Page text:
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For the record, I didn’t grow up in Nintendo’s stable – I grew up grazing in the pasture next door, in the wild fields of early 90s computer adventures. Cyan Worlds, Apogee, Sierra, and LucasArts were my nannies. I’ve never once thought to call Shigeru Miyamoto “ojiisan.”

But since the grass is greener and all that, I made my way over eventually. Mario was never my thing but loneliness simulators, my Metroids and my Zeldas, brought out the delightful misanthrope in me. And before Nintendo warded off its third party developers with more zeal than if they were rooting out ticks with a hot pin, I remember enjoying Castlevania, Contra, Mega Man. Nintendo consoles have this “come one, come all!” jingle when they start up like we’re in for a little wonderful bit of everything. That used to be true.

So when did they start peddling snake oil?  If you don’t realize that’s what they’re doing, then you need to play another game on the one stadium you get in Mario Tennis: Ultra Smash, or another round of Oompa-Loompa soccer via Metroid Prime: Federation Force, or try to aim the targeting computer on Star Fox Zero through a screen-lit VCR. These are dire times. I have to wonder where it all started.

Nintendo had a hard time in the 90s staying hip, with a hardware gap that would only have been more defined if the N64 had been a new fax machine coming at the same time Sony unveiled the replicators from Star Trek. When head Nintendo honcho Satoru Iwata saw the same thing happening to the GameCube, he cut the contract with Rare, who had kept them afloat in the dark times with Goldeneye 007, Donkey Kong Country, Banjo-Kazooie. I’m imagining him leading a train of rats off a cliff to his own tune, in his words: “Games have come to a dead end.” That was 2004.

His new tomorrow had room for consoles and innovation but not a gamer base, which Nintendo resolved to view as the punks hanging out on dead end lane. Novelty was the new product – instead of beating the common gamer, they made new ones. Designing Wii and DS, the boardrooms must have been abuzz with luxuriously fake inspiration: an accessory that allowed you to game in yoga pants and count calories, to fish without ever having to leave your trailer, to pretend to cook on a touch-controlled double pocket tablet and blow the steam off your digital meal with a microphone located awkwardly under your palm.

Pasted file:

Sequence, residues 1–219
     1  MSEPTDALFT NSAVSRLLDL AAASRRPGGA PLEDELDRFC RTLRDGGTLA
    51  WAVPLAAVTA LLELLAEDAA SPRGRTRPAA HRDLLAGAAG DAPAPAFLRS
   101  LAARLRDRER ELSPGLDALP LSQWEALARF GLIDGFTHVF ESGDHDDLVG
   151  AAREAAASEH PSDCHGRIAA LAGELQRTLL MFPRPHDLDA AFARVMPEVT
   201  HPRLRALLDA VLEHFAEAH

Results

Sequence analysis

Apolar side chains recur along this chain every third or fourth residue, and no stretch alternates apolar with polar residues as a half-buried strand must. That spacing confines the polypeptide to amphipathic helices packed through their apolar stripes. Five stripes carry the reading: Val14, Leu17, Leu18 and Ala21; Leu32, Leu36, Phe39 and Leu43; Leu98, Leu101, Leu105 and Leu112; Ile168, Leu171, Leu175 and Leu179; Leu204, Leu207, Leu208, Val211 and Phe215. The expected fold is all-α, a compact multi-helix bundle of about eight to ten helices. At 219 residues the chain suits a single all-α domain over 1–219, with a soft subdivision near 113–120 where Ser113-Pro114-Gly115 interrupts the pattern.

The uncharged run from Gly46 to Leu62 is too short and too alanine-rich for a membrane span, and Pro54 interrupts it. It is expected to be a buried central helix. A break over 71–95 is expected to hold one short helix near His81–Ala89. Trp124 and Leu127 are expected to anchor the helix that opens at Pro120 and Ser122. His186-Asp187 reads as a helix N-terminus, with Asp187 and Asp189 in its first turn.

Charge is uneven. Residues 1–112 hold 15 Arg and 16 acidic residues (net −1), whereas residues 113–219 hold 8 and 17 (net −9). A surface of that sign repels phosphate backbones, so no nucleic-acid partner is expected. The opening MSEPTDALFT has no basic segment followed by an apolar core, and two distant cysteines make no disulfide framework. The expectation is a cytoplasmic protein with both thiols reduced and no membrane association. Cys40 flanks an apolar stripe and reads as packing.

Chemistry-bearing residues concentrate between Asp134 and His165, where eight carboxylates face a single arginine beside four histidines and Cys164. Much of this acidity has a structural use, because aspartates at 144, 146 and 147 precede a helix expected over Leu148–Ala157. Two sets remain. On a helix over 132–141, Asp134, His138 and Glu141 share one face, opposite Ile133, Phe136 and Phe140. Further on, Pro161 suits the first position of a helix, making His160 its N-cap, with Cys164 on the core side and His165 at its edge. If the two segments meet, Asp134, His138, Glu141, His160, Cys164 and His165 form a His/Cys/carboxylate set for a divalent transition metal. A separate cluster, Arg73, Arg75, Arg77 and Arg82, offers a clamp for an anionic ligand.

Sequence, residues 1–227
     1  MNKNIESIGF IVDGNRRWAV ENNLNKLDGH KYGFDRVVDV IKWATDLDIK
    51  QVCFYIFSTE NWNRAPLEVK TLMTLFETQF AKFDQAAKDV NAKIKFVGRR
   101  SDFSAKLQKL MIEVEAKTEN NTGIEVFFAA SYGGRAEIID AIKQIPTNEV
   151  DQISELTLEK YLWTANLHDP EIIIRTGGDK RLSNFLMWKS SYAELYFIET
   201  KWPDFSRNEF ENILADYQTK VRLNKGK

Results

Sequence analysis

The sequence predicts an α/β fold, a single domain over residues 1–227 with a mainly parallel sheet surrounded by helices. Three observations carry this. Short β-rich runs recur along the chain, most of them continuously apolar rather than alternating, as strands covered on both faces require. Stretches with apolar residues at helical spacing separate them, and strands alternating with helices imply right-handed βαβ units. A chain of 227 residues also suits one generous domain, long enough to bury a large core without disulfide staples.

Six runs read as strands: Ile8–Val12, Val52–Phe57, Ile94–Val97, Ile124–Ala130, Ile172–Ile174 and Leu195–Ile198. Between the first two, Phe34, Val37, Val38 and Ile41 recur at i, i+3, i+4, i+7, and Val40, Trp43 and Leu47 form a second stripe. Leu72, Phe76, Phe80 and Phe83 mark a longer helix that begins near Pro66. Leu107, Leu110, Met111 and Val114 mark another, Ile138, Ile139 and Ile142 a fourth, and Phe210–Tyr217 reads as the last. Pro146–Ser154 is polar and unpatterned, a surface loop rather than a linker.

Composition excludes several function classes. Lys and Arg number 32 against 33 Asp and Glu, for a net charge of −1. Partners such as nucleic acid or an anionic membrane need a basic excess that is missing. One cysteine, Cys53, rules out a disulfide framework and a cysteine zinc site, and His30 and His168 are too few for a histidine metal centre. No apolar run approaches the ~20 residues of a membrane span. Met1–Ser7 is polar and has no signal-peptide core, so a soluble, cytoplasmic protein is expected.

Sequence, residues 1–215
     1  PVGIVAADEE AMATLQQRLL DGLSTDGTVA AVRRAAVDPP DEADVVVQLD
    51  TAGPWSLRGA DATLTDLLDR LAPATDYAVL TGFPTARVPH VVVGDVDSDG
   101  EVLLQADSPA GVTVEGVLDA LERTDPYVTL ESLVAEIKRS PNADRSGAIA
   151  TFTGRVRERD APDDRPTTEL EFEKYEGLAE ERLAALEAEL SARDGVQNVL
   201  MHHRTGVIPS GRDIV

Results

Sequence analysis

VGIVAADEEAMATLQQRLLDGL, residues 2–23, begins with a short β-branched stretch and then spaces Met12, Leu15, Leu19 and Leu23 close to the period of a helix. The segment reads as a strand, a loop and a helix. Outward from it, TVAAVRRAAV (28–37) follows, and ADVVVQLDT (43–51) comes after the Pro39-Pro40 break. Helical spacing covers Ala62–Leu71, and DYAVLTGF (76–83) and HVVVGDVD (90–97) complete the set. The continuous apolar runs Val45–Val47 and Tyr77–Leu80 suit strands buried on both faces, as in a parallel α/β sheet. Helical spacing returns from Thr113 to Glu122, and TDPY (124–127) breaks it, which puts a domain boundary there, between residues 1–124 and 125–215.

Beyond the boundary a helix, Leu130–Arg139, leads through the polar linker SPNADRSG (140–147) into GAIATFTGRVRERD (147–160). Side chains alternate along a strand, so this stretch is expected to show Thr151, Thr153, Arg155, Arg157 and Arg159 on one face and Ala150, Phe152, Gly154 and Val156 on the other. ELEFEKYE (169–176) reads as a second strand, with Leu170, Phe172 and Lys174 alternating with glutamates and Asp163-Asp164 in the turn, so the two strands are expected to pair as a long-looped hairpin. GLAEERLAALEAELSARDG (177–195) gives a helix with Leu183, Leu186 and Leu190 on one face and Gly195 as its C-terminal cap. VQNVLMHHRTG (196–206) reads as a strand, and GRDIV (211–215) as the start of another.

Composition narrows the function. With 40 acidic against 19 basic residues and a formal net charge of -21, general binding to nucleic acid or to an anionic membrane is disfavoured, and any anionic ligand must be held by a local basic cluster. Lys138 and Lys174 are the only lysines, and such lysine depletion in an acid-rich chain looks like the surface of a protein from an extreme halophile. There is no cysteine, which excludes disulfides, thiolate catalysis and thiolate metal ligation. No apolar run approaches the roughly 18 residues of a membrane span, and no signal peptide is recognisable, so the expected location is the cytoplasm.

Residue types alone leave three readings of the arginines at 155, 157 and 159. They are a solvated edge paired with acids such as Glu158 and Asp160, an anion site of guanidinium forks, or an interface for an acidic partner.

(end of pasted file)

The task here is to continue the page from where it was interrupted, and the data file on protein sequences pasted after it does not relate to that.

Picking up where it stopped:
Maybe they put it there on purpose, to have something tangible to redesign in one of the twelve hardware updates. I used to think it was non-negotiable that things work the first time you buy them but Nintendo, being the overachiever they are, seems always ready to negotiate (the tagline for Wii Motion Plus should have been, “What we promised to begin with”). They fooled us with Wii because we were thinking like a boardroom, about all the things we could play on it. Then really the best games on the lavatory-pun-inducing thing were the ones that either acknowledged motion controls with a nod as quick as the one you give on the way to your car to the punks hanging out on dead end lane, or hung it all and offered GameCube controller support. The one nice thing about the party games nonsense was that it was forgiving to the fancy hardware. Imagining playing Dark Souls on motion controls gives me hives.

Now I’m not saying Nintendo should take up the Sony and Microsoft model, basically a pay-as-you-go plan for college kids plump with loans and kiddies ripe for picking off mom’s credit card and buying another map pack. And if Sony’s goal was to make motion controls even more closely resemble a drawer of sex utensils, then PlayStation Move is a generous leap forward. No, at least Nintendo has the decency to stay a bona fide console for games, rather than a living room PC somehow just as glorified as it is mediocre. They at least acknowledge that the inclusion of social media apps is no longer innovative and that connectivity doesn’t score you points like it did when you had to find a phone outlet in the wall or jam a network adapter up your PlayStation’s Wii just to get those sweet achievements on NBA Live 2003.

But here Nintendo comes up again with the Switch, cognizant of everyone’s problems except their own, asking us to roll up and accept another revolution based on the pitch and not the games. The tricky thing with novelty is that it can only be sold once, and I notice that though Nintendo hasn’t fallen victim to the trends of the modern market, the best thing that can be said of them is that with each new console they seem to be gradually retrogressing back to the GameCube controller.

Is Breath of the Wild enough of an apology? It’s the best idea Nintendo’s had in years because it could have come from 1985, when they planned their releases more around me than the yuppie stepmoms who’ll only game in a blood pressure cuff and visor. But my guess? We’ll pull down the curtain and find the same ol’ spiel: rereleases, HD remakes, sequels to games differentiated only by the number, and (my favorite) games I already own on another platform.

I’m not saying there’s no hope, but I’ve been fooled once and twice and now it’s the third time and at this point I don’t know who it’s shame on. I’m going with shame on everyone. Or at least everyone who bought Federation Force.